Death is a constant companion in Mordor, and the ranger is sometimes overwhelmed by the onslaught of the black land’s denizens. But Talion’s curse ensures that he can never truly die. Any time you’re overwhelmed by orcs, Talion respawns in one of the ghostly white towers that dot the map. Orc leaders, though, remember details of your encounters and usually have an off-color comment referencing them prior to a rematch.
Shadow Of Mordor starts a little slow. You’re just killing orcs without a real purpose beyond getting better at killing more orcs. (The game’s main storyline kind of exists independently of your orc-culling missions.) It quickly opens up, though, as details of the elf lord’s past are revealed, and familiar characters start to appear. Sauron may have inadvertently created a rival, though, when Talion develops the ability to control orc minds and make them his own lobotomized servants to counter the Dark Lord’s army. This dynamic has raised troubling issues for some. Is Shadow Of Mordor not, in fact, the story of Talion at all, but instead that of an oppressed race of orcs doomed to do the bidding of a series of tyrannical masters? Have we as a society gotten the orcs wrong this whole time? Are the likes of Nazkuga and Ratanak the real victims here—not Talion and his brutally murdered family? Is the wraith-ranger’s mission tantamount to ethnic cleansing and slaving?
Vaulting over an orc, stabbing him with the broken blade of your dead son, and then making his head explode shouldn’t cause any moral hand-wringing. These guys are pure, unadulterated evil, and they’re getting exactly what’s coming to them. Objective evil might not exist too often in the real world, but what’s fantasy for if not to paint things in black and white?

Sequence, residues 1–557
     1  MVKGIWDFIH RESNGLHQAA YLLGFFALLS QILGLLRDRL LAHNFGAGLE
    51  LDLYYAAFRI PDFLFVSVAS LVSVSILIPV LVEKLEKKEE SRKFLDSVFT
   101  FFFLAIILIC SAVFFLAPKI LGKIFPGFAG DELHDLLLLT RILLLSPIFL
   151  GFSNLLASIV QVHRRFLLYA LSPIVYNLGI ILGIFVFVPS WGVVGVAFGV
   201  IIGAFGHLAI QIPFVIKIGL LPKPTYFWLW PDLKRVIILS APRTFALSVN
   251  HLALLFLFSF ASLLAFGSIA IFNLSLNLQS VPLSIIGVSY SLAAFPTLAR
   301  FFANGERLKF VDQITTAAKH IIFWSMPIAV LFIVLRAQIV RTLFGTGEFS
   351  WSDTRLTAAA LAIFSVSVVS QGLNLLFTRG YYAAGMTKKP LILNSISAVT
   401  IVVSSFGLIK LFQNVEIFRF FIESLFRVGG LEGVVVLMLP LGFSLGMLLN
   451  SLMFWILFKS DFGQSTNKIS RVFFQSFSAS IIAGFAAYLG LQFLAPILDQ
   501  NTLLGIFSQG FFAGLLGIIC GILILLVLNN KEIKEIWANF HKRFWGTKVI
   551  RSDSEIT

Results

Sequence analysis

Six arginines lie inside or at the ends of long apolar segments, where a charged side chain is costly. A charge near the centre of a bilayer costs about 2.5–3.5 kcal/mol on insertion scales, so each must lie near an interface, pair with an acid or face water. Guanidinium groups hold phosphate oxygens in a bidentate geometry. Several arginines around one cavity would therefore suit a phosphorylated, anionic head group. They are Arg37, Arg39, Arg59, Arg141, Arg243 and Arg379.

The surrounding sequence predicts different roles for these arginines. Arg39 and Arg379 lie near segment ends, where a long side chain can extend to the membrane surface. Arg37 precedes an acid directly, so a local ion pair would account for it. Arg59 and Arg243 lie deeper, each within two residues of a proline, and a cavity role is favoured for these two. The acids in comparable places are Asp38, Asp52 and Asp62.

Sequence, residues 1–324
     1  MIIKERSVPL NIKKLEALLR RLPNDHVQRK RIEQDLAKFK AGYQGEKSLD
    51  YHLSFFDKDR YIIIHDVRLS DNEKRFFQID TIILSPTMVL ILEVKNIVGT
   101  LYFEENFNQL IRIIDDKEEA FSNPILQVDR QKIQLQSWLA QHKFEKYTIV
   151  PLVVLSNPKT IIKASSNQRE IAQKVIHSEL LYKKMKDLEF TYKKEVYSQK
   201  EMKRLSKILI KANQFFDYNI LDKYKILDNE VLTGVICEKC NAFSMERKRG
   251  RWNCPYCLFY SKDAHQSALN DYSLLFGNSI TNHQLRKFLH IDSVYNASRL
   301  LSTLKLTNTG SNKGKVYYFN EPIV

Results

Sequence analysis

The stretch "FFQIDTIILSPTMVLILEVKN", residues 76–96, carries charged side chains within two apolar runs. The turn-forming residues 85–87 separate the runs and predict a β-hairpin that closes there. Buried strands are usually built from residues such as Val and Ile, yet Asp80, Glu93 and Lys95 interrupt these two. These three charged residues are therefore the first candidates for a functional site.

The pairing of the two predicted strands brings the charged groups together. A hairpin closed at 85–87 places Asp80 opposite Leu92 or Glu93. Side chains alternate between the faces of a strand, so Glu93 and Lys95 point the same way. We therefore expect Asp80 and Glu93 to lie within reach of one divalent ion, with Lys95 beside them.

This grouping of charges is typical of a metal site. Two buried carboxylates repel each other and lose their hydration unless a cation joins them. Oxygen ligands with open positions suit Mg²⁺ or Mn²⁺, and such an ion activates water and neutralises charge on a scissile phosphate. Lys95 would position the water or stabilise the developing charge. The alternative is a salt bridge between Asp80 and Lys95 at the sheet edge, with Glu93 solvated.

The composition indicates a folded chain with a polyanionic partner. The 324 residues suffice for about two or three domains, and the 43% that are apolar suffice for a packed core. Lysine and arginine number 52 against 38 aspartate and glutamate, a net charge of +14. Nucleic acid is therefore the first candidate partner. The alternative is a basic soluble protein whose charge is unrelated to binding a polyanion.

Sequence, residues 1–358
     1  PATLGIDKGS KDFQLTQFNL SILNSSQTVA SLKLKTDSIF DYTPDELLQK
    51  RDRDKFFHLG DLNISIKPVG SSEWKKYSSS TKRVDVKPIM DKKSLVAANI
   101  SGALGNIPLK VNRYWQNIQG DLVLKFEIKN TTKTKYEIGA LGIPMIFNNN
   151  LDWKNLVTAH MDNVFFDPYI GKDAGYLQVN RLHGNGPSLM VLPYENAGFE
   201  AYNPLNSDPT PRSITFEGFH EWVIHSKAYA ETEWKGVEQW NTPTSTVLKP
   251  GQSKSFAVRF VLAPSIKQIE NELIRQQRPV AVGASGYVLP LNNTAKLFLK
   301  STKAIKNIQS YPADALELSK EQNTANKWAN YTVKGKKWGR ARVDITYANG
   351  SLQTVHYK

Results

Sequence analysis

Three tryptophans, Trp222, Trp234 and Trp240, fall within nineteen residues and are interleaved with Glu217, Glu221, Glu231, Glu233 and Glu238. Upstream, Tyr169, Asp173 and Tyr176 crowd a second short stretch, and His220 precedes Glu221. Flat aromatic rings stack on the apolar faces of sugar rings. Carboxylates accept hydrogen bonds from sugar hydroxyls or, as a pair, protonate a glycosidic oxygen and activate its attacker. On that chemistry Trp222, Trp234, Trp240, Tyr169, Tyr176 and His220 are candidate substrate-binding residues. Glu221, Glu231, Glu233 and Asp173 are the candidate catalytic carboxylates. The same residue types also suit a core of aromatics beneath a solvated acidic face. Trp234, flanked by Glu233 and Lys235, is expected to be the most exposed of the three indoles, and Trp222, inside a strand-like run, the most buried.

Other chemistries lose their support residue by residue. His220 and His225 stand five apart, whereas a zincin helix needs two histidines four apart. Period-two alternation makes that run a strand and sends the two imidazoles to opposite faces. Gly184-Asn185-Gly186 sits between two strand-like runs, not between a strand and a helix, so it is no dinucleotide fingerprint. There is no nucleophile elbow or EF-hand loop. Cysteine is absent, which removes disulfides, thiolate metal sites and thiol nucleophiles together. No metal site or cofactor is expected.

So as for orc slavery, the nature of evil, and the ultimate folly of man, we’ll leave that for Fincher to explore more deeply when Peter Jackson inevitably hands him the keys to Bilbo’s hobbit hole some time in 2020. Until then, all I know is that I have a lot of guilt-free street justice to mete out along the Black Gate. More salient is how Shadow Of Mordor itself expands and connects to the Tolkien canon in fascinating ways. Middle-Earth has always been a fairly closed system, in that there hasn’t been too much added to the mythology beyond that written by Tolkien himself or compiled from his notes by the author’s son. Most agree that The Silmarillion—Tolkien’s Lord Of The Rings prequel, if you will—would be a particularly difficult book to capture in film. Shadow Of Mordor, though, successfully draws on some of that material in a way that is simultaneously engaging for a fan of Tolkien’s extended works but not alienating for those passingly familiar with the story.
Middle-Earth: Shadow Of Mordor
Developer: Monolith Productions
Publisher: Warner Bros. Interactive
Platforms: PC, PlayStation 4, Xbox One (available now); PlayStation 3, Xbox 360 (available November 18)
Reviewed on: PlayStation 4